Furthermore, creditors simply see the crisis as an administrative and regulatory issue, rather than a political-ideological asymmetry based on normative preferences. A recent article by the Guardian showed Germany startled by the media’s denouncement of their stance towards Greece, as they see their position as fair play by the rules that were clearly outlined prior to lending Greece money. This reaction is further evidence of their detachment from the political to the administrative sphere. Slavoj Žižek, a well-known Slovenian philosopher and cultural critic, has expressed his criticism to the troika’s approach of working under the guise of neutrality.
‘This passage from politics proper to neutral expert administration characterises our entire political process: strategic decisions based on power are more and more masked as administrative regulations based on neutral expert knowledge, and they are more and more negotiated in secrecy and enforced without democratic consultation’. – Slavoj Žižek
Paul Krugman, Nobel Prize-winning economist, has furthermore remarked that the question now is ‘Who will ever trust Germany’s good intentions after this? … Being a member of the Eurozone means that the creditors can destroy your economy if you step out of line’. The mistrust is not merely directed at Germany, but more importantly at the political system it represents and advocates, which many now deem unsustainable. It is no longer an economic dispute, these intellectuals argue, as austerity has now long-proven its failure in resolving the economic crisis. It’s a dispute between masked technocratic neoliberalism and its alternatives (whatever forms these may take).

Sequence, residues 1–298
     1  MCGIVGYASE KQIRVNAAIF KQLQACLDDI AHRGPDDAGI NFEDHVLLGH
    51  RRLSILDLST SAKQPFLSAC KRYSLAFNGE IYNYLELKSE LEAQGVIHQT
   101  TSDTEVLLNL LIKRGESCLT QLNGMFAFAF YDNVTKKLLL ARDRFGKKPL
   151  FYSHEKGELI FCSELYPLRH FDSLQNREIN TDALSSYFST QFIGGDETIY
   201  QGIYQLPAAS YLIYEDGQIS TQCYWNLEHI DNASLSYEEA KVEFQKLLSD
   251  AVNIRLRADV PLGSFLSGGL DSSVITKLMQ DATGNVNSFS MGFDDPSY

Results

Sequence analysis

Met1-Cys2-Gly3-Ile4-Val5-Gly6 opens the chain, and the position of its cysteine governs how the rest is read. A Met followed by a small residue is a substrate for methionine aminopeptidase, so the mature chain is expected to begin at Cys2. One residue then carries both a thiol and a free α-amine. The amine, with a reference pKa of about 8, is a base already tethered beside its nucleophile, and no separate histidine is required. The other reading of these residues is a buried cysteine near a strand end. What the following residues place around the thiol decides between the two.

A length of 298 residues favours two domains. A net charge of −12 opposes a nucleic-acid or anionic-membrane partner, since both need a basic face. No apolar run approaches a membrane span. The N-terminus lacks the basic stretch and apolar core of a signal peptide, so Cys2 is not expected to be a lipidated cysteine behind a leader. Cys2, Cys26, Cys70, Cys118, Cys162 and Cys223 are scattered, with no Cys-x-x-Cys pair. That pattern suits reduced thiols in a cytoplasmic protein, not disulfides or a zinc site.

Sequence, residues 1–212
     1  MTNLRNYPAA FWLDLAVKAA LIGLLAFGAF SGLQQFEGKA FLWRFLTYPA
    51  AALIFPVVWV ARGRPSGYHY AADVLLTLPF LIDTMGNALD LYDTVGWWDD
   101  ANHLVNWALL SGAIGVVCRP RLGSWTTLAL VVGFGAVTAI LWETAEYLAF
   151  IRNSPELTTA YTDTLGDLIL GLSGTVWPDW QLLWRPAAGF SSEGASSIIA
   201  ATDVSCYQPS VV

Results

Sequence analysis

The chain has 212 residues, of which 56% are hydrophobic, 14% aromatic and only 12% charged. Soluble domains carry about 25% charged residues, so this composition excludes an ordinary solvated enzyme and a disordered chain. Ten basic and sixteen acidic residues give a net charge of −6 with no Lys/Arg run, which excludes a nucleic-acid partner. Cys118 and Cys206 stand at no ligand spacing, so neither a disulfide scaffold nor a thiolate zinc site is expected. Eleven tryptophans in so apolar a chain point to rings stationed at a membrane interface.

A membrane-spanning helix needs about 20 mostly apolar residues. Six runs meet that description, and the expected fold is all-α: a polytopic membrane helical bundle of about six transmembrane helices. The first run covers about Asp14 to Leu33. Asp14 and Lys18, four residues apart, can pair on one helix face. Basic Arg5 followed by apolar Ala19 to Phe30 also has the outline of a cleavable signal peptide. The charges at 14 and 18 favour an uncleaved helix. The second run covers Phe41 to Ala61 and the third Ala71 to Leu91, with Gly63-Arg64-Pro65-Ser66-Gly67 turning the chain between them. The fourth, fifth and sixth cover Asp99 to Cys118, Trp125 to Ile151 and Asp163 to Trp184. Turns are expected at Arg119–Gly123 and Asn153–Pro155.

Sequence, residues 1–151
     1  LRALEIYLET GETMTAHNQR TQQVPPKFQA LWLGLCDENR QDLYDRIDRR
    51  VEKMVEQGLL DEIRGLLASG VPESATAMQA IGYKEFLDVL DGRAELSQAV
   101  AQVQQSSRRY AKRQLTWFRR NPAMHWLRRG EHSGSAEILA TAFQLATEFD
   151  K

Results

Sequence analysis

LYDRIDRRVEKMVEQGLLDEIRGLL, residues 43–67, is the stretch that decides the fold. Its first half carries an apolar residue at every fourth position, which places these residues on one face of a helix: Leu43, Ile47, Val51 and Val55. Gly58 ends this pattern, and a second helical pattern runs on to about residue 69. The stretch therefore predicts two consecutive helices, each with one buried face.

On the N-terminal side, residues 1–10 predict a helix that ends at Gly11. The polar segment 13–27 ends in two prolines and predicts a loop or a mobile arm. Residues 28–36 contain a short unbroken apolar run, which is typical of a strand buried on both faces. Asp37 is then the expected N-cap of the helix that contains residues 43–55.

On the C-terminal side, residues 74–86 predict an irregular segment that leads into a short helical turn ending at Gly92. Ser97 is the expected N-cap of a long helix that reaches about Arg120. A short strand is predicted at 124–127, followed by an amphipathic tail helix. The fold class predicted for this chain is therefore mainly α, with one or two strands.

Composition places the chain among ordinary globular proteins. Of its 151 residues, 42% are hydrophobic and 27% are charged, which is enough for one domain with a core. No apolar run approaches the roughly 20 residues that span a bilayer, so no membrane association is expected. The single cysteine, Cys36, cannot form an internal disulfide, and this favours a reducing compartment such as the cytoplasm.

Many however insist that the primary cause of the crisis is not neoliberal orthodoxy, but rather the creation of a monetary union itself, which was ill-advised by many free-market advocates in the first place (whether the English Hayek/Friedman or the American leftist-pro-market version) given that Europe lacked the necessary political cohesion for a single currency to succeed. As free-market advocate, economist Milton Friedman noted: ‘Monetary unity imposed under unfavourable conditions will prove a barrier to the achievement of political unity’. Surely so; the creation of the European Union barely shared anything beside a name and as a result political tensions between member states exacerbated under a single currency. One can also argue that the Euro exacerbated existing problems in the neoliberal model at a more acute and pervasive rate. The difference now is that media and politicians can no longer avoid this issue.
Intellectuals can give us invaluable insight on the Greek crisis and the wider issues it represents. Europe is now characterised by a dichotomy between the neoliberals working under the guise of neutrality and the people enduring the regulatory and administrative consequences. Suffice it to say, the viability of neoliberal technocracy for Europe’s future remains precarious.